The Sea of Okhotsk is not only an important source for rich marine resources as the exclusive economic zones for Russia and Japan, but also for neighboring Asian countries such as China and Mongolia that do not share direct boundaries with the Sea. Moreover, since the Sea lies in the southern boundary of the seasonal sea ice in the northern hemisphere and affected by the warm and cold currents, it is home to a distinct ecosystem and has evolved into a rich biodiversity.
With the progress in scientific research in recent years, it has been revealed that the primary production and the biodiversity that depends on the Sea of Okhotsk and the neighboring Oyashio region is greatly affected by and mutually dependent on not only the sea waters but also land. Amongst these, the largest river that flows into the Sea of Okhotsk, the Amur River, supplies a great amount of dissolved iron to both the Sea of Okhotsk and the Oyashio sea waters, which contributes to the high primary production of these sea waters. This discovery has been made by our research efforts that identified the physical and biological linkage between the land-surface environment on a continental scale and the open seas. In other words, the Sea of Okhotsk and the neighboring Oyashio region as well as the Amur River form an enormous ecosystem that transcends the boundaries between sea and land. It is a special and great concern for countries of the Amur River region and for the countries neighboring the Sea of Okhotsk to identify the unique mechanism of the ecosystem and to consider the future of the natural environment of the Amur-Okhotsk ecosystem.
In recent years, various human activities in the Northeast Asian region have resulted in the deterioration of the water quality of the Amur River and there are concerns about the effect this will have on the natural environment of the Sea of Okhotsk. We researchers will pay significant attention to evaluating how such human activities will affect the nature of the Sea of Okhotsk in the future. Moreover, we have also reached a common understanding that in order to ensure the sustainable development of this region we must deepen our academic knowledge on the research, conservation and the rational and sustainable use of the ecosystem of the concerned region.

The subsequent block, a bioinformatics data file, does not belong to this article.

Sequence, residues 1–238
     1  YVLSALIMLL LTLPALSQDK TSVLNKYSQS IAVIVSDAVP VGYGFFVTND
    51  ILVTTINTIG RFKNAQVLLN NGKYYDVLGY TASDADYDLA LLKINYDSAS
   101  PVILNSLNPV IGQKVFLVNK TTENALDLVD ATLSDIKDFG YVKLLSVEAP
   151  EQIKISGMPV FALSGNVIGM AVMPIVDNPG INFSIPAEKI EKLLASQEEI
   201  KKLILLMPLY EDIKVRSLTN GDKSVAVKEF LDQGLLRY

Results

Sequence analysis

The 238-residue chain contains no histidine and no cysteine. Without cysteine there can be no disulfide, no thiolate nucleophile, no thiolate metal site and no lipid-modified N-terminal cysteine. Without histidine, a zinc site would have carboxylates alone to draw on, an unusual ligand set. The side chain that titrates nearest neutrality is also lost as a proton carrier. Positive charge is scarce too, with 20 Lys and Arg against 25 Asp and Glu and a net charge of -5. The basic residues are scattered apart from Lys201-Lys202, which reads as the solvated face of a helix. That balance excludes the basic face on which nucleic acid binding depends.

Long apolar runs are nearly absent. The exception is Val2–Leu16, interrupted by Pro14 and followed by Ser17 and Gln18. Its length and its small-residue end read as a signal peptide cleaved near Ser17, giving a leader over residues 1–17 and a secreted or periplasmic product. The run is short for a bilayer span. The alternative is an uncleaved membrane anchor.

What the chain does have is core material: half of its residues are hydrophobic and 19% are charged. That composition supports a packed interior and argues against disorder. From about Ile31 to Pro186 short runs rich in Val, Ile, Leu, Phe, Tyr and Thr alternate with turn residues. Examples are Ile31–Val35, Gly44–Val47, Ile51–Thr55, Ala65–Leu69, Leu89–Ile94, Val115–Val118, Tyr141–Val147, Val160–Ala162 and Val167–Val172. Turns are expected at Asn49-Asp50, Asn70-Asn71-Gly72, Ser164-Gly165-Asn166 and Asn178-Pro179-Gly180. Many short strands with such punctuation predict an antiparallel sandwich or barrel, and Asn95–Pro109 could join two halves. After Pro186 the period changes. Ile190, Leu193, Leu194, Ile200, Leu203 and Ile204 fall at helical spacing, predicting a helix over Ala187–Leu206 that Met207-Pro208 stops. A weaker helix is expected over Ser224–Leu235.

The region of the Sea of Okhotsk and the natural environment of the Amur River Basin shares borders with the 4 countries of China, Japan, Mongolia and Russia, therefore, the cooperation among these countries is significantly important for the conservation of this region. Up until now, at the governmental level, various bilateral frameworks for environmental cooperation among China, Japan, Mongolia and Russia have been implemented. However, currently there are no multilateral frameworks agreed upon among these countries. Therefore, even at the researchers’ level there are no sufficient sharing of information and not enough opportunity to reach a common recognition of what the problems are. Thus, we researchers that share a common understanding will voluntarily participate in discussions of the problems taking into consideration the range and scope of the bilateral frameworks and the rights and obligations in international law, while paying full respect to the domestic legal obligations of each country. We have also come to a common recognition of the necessity to cooperate in terms of research and actions to discuss the possibilities and effectiveness of common use of information while sharing and exchanging information and opinion on a regular basis concerning what is necessary and what must be done for the conservation of the Sea of Okhotsk and the Amur River Basin.
Based on the background mentioned above, the Amur Okhotsk Consortium was established in November 8, 2009 on the occasion of International symposium on “Environmental Conservation of the Sea of Okhotsk: cooperation between Japan, China and Russia” held in Sapporo, Japan. Through full two-days discussion on various environmental problems in the Amur River basin and the Sea of Okhotsk, all of the participants of the symposium agreed to accept “the Joint Declaration by Researchers towards the Environmental Conservation of the Sea of Okhotsk and Surrounding Regions” in the end of the symposium and decided to launch the Amur Okhotsk Consortium.
The Joint Declaration